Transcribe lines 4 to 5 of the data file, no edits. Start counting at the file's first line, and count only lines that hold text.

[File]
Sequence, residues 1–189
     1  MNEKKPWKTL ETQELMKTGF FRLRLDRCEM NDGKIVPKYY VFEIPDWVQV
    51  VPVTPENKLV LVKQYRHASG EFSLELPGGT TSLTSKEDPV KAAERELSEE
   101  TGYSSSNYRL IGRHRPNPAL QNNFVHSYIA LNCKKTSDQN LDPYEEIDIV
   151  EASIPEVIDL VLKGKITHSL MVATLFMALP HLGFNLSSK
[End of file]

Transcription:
   101  TGYSSSNYRL IGRHRPNPAL QNNFVHSYIA LNCKKTSDQN LDPYEEIDIV
   151  EASIPEVIDL VLKGKITHSL MVATLFMALP HLGFNLSSK